The future of women’s football
The future of women’s football
During the 2020 Football People Festival, the FARE network held a webinar on sexism, discrimination and the way forward for the women’s game.
The FARE network held the first ever Football People Festival on 19-23 October 2020. It consisted of a series of webinars discussing issues, ideas and actions on the future of football. CNN International sports reporter Amanda Davies hosted a webinar on the future of women’s football, featuring four panellists:
- Sarai Bareman (Chief Women’s Football Officer at FIFA)
- Tziarra King (American football player; Utah Royals)
- Jean Sseninde (Ugandan football player; Queens Park Rangers W.F.C.)
- Haifa Tilli (sociologist, Free University of Brussels)
The 2019 Women’s World Cup
Bareman started the conversation by noting that the FIFA Women’s World Cup, held in France in 2019, was a milestone moment in women’s football and exceeded all expectations. Sseninde reiterated the sentiment. The big stage provided by the tournament helped highlight success stories and change people’s mentality. Cameroon and Nigeria making it to the quarter finals has also had a huge impact on Africa, especially girls and women, who now have a renewed sense of hope. This has also enabled the Confederation of African Football (CAF) to launch its first women’s football strategy for Africa, a step in the right direction.
Bareman said that during years when there is a major tournament, there is more hype around women’s football. Thus, the World Cup provides an incredible platform for athletes to raise their voices, and for the public to take note of the gender discrimination and sexism in the game.
She also emphasised that global competitions are the biggest catalyst for driving development. National teams are more actively engaged around qualifiers, and for national teams to be active, the talent pathway underneath also needs to be strong. By increasing the number of teams participating in the World Cup, there will be more incentives for countries to develop those pathways.
Yet, with the COVID-19 pandemic, panellists were unsure if the momentum gained in France would be lost. Bareman said that FIFA’s top executives have doubled down on their commitment to women’s football, a commitment that many important partners have also promised.
Sexism in the game
Davies highlighted a recent report which claimed that 66% of women in football have faced discrimination. This included not just players also other women working in football. The panellists agreed with the report: in a space that is so dominated by men, being one of the only women can be very intimidating.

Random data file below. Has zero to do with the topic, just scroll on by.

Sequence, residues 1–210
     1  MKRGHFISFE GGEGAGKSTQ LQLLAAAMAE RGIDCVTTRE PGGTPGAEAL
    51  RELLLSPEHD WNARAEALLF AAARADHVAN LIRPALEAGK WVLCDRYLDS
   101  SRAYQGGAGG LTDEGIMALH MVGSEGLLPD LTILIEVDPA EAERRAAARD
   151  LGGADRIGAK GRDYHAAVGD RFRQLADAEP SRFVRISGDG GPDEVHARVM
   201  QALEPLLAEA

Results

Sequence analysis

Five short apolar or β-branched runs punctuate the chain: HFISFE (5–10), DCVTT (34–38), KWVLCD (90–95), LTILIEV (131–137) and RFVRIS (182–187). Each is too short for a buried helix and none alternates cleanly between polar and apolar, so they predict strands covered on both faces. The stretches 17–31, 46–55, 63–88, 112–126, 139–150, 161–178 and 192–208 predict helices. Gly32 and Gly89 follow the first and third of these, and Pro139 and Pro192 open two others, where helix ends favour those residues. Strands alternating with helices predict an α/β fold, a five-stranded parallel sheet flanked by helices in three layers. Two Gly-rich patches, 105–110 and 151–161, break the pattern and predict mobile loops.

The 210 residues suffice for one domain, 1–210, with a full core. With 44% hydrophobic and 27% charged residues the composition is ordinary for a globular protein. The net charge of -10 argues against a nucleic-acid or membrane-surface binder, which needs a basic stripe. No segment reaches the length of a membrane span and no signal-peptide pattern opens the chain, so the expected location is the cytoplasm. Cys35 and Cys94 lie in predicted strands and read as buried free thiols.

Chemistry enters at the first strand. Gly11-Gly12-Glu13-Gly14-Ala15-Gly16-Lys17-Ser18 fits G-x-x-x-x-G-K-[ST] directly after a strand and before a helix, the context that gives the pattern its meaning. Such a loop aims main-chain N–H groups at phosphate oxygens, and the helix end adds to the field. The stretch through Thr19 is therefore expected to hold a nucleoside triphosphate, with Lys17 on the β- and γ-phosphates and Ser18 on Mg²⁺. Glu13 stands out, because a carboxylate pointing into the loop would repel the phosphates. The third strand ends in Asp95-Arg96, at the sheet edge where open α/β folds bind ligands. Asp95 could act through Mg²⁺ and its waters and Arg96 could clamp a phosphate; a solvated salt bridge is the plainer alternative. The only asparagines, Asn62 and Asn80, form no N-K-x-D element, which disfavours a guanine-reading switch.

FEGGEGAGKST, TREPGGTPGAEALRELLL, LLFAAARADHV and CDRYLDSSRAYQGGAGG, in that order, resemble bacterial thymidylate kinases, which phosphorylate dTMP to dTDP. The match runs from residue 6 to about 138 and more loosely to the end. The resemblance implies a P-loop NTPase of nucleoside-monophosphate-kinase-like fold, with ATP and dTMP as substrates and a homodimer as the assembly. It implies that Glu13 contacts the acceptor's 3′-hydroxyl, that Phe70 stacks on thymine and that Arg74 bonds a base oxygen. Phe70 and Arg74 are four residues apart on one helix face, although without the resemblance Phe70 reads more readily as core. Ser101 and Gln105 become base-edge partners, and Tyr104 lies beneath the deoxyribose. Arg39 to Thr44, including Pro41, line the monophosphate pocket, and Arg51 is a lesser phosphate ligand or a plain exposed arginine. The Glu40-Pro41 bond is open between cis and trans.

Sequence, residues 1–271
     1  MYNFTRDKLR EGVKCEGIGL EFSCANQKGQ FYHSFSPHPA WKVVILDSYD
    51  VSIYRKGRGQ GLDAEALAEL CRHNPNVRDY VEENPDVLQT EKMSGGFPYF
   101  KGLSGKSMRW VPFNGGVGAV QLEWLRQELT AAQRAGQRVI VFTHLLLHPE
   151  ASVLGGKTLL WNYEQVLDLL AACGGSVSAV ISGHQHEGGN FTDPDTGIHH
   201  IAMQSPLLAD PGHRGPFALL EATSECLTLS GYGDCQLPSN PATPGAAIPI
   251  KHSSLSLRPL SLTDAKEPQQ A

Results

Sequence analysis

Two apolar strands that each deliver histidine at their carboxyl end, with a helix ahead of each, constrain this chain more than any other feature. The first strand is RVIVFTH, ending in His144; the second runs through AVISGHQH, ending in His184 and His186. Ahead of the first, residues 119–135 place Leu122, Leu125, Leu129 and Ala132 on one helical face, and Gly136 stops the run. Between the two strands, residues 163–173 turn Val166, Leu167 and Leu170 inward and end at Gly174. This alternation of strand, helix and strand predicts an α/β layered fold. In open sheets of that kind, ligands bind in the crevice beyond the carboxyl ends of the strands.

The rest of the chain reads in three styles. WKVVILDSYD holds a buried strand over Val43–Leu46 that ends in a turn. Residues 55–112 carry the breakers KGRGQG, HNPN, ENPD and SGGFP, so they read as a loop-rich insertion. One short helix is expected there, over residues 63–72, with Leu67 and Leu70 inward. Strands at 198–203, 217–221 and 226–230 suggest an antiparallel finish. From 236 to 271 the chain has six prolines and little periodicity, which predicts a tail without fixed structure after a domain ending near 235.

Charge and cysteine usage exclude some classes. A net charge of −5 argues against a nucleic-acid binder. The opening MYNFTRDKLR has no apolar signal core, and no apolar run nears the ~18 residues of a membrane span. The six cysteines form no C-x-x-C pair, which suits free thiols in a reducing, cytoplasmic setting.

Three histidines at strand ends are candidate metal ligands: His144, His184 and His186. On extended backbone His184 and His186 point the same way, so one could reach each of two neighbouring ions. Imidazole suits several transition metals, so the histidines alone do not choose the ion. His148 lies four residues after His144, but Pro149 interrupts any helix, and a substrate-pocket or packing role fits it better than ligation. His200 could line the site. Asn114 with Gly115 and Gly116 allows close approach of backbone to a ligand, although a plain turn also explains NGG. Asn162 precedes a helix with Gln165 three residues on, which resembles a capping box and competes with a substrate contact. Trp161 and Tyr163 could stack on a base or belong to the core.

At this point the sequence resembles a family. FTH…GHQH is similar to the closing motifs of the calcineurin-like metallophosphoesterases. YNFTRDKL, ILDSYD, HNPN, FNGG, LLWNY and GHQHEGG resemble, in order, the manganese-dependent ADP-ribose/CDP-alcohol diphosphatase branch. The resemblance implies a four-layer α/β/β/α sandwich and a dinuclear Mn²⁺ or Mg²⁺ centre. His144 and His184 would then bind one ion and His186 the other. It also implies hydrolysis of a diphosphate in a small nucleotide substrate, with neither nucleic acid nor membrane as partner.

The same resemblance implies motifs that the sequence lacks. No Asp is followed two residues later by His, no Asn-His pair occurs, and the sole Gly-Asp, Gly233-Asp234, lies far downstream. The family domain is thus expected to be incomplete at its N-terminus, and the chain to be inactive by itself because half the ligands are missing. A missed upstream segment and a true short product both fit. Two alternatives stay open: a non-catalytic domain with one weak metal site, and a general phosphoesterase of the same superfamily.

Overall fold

King noted that men need to be held accountable for their actions and also take the lead in making football more inclusive. Sseninde said that women often do not report on these incidents because they have worked very hard to earn their spots. They do not want to be labelled as a ‘troublemaker.’ The solution is to get more women in positions where they hold power and can make decisions.
Bareman said that for progress to be made, men have to be included in the conversation – change cannot be brought about by women alone. Men have to call out unacceptable behaviour when they see it and support women.
Who is left out?
Panellists also discussed the issue of diversity within women’s football. The game remains mostly white and promotes a certain idea of femininity. It is also becoming more elite, with only the wealthy having access to the sport and the chance to excel in it.
Tilli highlighted the perspective of hijab-wearing women, noting that not all women in the sport are welcomed. The ban on hijab-wearing women from the FIFA World Cup, which was in place until 2014, severely restricted Muslim women’s access to the game. The will of these hijab-wearing women is not considered, and they are often excluded from the field for no good reason. Football, for them, is not just a fight against sexism but also a fight against Islamophobia.
While many hijab-wearing women play football in their suburbs and cities, they are still not seen much at a higher level. Since a whole generation of hijab-wearing women were denied the opportunity to play the sport, it will take a while for the overturn of the ban to bear its fruits.
Sseninde highlighted that the game is often missing black athletes as well. Opportunities in Africa for female footballers are limited so the international community and federations need to take steps to ensure that African athletes can participate.
King echoed this sentiment, arguing that football is quickly becoming an elite sport. Though grassroots participation does not require a lot of equipment or investment, it is harder for people on lower incomes to go further in the sport. The pay-to-play model has exacerbated such issues and widened the gap.
King also noted that diversity in women’s football is limited and that diversity cannot just remain a buzzword. Indeed, at all levels of the game, a concentrated effort has to be made to make the game more accessible to all rather than an exclusive club. Empowerment and soccer mean different things to different people. There should be the freedom to explore these avenues should remain rather than putting women in boxes to behave a certain way.